Alfred Molina: a life in film
From Mike Leigh's 'Meantime' to new Hollywood blockbuster 'The Sorcerer's Apprentice', Alfred Molina has had a long and varied career. Tom Huddleston meets him
In films as diverse as ‘Meantime’, ‘Spider-Man 2’ and ‘An Education’, Alfred Molina has established himself as one of Britain’s foremost character actors. With a new villainous role opposite Nicolas Cage in ‘The Sorcerer’s Apprentice’, Molina talks Time Out through a few highlights from his extraordinary career.
Have you ever had any kind of career strategy?
‘No, there’s never been a plan. In any other job you’d be saying, "By the time I’m 30 I should be here, by the time I’m 40 I should be there." But I’ve never done that. My only priority was always just to be employed. Whatever came up, I would do. If I look back all I see is a sort of crazy quilt, I don’t see any pattern there at all.’
What are your memories of working on ‘Raiders of the Lost Ark’?
‘Very fond, and a little bit embarrassing. I was so naive, and it was my first movie. I’d been trained for the theatre. But I was lucky that, although it was only a tiny part, I did all my scenes with Harrison Ford, who was incredibly generous with his time and his knowledge. I found myself asking him question after question, and he was always a real gent about it.’
Films like ‘Meantime’, ‘Letter to Brezhnev’ and ‘Prick up Your Ears’ came out of the political and class struggles of the ’80s. Was that something that you were involved with?
‘I went on some marches, got arrested a couple of times. There was something in the air. And it was a golden period for independent film in England, there was a lot of public money around. Lots of young directors kicking up dust and a whole generation of new actors: Gary Oldman, Ray Winstone, Tim Roth. It was a terribly exciting time.’
Who’s the better kisser, Gary Oldman or Salma Hayek?
‘Well, I know which one I’d prefer. I remember Gary coming into work [on 'Prick up Your Ears'] and saying, “We got any more kissing to do today? ’Cos I got beard rash off you. Shave a bit closer!”’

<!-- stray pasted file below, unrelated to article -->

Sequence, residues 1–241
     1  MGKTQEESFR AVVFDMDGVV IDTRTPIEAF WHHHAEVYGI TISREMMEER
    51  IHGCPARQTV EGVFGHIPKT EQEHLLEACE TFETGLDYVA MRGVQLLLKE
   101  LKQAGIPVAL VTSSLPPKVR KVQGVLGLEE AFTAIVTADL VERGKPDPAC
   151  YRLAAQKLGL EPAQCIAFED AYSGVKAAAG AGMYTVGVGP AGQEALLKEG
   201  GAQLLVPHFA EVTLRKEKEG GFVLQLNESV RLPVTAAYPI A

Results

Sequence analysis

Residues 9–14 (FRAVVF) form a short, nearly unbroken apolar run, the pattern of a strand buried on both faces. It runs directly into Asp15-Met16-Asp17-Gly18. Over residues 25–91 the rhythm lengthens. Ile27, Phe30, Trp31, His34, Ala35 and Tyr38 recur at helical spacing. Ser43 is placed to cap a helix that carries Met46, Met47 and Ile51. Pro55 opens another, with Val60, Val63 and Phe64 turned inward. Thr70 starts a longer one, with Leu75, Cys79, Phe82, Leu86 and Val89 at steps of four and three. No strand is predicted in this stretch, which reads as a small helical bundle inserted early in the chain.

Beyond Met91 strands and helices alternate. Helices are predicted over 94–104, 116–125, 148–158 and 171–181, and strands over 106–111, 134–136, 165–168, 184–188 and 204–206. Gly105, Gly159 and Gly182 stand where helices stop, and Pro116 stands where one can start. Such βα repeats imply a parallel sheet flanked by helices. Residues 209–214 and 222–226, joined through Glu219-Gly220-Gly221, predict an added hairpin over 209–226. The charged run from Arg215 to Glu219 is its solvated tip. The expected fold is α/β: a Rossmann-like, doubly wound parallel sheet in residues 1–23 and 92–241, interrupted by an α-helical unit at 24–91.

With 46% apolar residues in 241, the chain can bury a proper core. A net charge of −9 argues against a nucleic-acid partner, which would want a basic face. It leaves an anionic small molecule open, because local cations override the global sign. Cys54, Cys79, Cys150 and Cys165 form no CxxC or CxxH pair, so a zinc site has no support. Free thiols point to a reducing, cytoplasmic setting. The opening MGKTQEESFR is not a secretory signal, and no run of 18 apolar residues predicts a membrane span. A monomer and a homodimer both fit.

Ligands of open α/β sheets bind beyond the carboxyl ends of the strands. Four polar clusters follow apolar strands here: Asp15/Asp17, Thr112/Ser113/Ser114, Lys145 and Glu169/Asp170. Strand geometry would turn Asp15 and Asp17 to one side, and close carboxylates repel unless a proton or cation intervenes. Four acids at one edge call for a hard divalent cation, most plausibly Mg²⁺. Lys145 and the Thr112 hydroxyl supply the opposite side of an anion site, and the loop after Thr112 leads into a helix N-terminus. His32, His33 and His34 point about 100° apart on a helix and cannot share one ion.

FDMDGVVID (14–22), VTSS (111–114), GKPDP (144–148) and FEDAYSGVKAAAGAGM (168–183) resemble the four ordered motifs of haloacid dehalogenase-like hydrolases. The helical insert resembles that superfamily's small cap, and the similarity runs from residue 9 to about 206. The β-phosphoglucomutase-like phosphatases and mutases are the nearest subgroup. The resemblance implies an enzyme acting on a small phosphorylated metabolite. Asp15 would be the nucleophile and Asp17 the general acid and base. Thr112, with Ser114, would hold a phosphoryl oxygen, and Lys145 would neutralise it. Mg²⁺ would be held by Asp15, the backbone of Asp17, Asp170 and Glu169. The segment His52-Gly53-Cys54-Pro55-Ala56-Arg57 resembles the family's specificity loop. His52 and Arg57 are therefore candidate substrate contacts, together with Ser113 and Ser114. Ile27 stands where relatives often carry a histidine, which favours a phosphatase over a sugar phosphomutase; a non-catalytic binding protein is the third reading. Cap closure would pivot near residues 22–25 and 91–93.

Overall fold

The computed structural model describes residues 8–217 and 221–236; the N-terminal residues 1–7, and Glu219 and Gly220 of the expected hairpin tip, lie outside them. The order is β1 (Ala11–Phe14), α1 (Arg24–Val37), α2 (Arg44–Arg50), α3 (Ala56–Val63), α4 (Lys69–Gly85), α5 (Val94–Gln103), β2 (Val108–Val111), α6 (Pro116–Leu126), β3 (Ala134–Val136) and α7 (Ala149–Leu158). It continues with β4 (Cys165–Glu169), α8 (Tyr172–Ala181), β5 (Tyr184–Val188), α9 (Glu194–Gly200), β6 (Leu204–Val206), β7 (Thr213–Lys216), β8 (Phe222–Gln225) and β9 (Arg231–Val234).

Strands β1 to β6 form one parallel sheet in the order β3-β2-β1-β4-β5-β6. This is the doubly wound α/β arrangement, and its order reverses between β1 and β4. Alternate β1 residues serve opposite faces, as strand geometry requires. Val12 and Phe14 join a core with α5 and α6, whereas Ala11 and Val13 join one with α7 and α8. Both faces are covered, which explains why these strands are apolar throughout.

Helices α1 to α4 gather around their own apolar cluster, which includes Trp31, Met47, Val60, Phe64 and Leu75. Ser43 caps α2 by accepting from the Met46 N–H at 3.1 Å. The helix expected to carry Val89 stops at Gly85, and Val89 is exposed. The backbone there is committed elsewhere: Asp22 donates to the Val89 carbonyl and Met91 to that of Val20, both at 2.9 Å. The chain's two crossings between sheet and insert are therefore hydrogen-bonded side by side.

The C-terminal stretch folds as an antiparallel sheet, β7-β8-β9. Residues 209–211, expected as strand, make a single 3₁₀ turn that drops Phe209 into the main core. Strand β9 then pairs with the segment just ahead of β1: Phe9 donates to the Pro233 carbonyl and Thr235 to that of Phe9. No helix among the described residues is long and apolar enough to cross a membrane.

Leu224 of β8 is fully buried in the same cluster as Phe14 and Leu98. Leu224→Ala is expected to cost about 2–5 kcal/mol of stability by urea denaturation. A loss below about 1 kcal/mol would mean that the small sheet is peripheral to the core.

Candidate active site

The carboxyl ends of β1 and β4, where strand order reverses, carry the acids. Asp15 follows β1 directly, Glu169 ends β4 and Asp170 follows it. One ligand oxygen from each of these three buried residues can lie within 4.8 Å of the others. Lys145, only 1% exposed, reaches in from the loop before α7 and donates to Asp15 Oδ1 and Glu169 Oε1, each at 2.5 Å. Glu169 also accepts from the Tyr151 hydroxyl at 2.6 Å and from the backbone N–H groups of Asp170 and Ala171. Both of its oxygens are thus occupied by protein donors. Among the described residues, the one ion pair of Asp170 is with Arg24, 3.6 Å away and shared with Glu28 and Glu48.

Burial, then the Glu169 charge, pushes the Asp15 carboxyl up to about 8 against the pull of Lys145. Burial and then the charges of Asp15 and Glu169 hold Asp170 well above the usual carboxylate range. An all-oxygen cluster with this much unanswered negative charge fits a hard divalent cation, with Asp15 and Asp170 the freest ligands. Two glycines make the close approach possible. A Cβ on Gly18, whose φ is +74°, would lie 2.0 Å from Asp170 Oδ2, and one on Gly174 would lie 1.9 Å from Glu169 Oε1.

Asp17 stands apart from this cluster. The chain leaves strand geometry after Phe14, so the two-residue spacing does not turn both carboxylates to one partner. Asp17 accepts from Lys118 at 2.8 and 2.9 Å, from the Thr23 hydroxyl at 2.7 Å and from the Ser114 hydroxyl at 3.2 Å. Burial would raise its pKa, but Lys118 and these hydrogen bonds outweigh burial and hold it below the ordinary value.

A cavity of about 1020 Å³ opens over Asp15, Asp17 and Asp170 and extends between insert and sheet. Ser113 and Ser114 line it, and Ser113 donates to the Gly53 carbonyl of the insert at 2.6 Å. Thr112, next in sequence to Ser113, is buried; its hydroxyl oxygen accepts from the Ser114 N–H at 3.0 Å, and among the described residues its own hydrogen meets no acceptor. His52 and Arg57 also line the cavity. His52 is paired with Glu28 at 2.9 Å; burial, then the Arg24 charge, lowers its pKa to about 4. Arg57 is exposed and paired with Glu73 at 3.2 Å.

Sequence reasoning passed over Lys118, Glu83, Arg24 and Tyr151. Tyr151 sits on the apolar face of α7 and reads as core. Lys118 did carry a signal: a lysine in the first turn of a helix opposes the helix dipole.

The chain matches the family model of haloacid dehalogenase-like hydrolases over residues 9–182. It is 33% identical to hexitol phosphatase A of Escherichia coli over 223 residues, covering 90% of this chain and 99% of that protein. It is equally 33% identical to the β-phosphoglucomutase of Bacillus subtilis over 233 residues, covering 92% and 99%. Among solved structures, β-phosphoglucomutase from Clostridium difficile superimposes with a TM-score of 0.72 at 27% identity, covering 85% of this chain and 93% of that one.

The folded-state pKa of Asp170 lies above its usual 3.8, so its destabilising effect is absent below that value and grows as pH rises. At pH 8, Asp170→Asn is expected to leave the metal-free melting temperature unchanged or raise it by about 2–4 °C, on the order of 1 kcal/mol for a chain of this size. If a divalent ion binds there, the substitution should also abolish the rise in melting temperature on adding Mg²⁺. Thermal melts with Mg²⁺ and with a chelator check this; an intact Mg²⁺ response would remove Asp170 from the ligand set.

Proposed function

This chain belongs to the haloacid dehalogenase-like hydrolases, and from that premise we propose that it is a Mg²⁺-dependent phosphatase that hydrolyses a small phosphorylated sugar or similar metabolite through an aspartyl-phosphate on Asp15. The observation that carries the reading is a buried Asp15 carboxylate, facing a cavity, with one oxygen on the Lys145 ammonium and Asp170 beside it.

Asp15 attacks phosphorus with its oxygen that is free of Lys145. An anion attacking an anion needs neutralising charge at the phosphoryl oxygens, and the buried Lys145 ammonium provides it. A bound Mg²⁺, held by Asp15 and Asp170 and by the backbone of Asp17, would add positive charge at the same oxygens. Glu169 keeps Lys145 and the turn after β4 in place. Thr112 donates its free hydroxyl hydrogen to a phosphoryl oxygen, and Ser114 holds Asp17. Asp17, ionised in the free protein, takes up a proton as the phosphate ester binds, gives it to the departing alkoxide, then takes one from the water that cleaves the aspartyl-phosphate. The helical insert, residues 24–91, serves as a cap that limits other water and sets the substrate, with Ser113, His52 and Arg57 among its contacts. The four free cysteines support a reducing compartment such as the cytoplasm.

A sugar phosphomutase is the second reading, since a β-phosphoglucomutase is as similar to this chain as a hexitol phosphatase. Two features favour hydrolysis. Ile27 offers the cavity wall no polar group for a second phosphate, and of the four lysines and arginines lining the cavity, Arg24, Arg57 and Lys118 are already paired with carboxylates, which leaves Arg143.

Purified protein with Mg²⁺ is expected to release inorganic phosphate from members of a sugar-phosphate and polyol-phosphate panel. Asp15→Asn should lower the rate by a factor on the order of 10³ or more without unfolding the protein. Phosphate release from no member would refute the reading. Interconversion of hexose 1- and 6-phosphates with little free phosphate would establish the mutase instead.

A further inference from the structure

Do you thank your parents for giving you the face and skin tone of someone who could just as easily play a Russian sailor as a Persian camel racer?
‘That’s the way it was even when I was at drama school. I played the East German heavy, I played the Greek guy, I played the Arab guy. The genetic pool that I’m from is so mixed and muddied, I give good foreign. That’s got to be on my headstone: "Fred Molina. He gave good foreign." ’
Did you make a decision in the early ’90s to go for more Hollywood roles?
‘I’d been going over there since the ’80s. I did ‘Raiders’ and an episode of "Miami Vice", and I was always over for screen tests. And ever since I was a teenager I’d always had a fascination with all things American, so when I got the chance to work there I jumped at it.’
You made a huge impression in a tiny role in ‘Boogie Nights’.
‘I love to play those small cameos. You get to work with interesting people, to play a part with some bite to it. But “Boogie Nights” was a real accident because another actor had been cast and had dropped out at the very last minute. The producer phoned and asked if I was free. And I said, “Well, what is it?” And he said, “Well it’s not a big part. It’s basically a coked-up drug fiend on a shotgun rampage.” And I remember saying to my agent, “Jill, have I ever played a coked-up drug fiend on a shotgun rampage?” And she went, “Don’t think so.” So I said okay.’
Then ‘Spider-Man 2’ seemed to come out of nowhere.
‘Yes, I’d been chugging along nicely, playing respectable parts in respectable films, respectable leads in respectable plays and suddenly this big, all-out commercial thing comes along. It really did change things. Up until then I’d been an arthouse regular then suddenly 12-year-old boys want to know who I am. But Sam [Raimi] was very keen to give Doc Ock life and depth. So even though I was the comic-book villain, it was multi-layered.’
Have you ever gone into a film knowing it was going to be bad?
‘No. I’ve certainly been halfway through and come to the realisation that it was going to be a stinker, but that happens to all of us. Like my wife always says: “Well, you took the money.”’
Did you relish the chance to play a pantomime villain in ‘The Sorcerer’s Apprentice?’
‘Nicolas Cage said on the first day of shooting, “It’s all a game, right? It’s fantasy and it’s fun.” I think his philosophy is to take the work seriously but yourself not at all. And that’s a very healthy way to approach it. So there was a lot of giggling going on, and a lot of fun to be had.’
So you’re still enjoying your work?
‘There was a wonderful moment when I was doing the play ‘Red’ on Broadway. I was working with Eddie Redmayne, who’s 27 and very good-looking. And every night there was this long parade of young women going up the stairs to his dressing room. Lots of giggles, Champagne popping. I could hear them going, "Eddie, it was fabulous, you were fabulous!" And then as they came down past my dressing room they’d look in and go, “You must be very tired”! But it’s a great way to make a living. What’s not to like?’
Read our review of ‘The Sorcerer’s Apprentice'.
Author: Interview: Tom Huddleston
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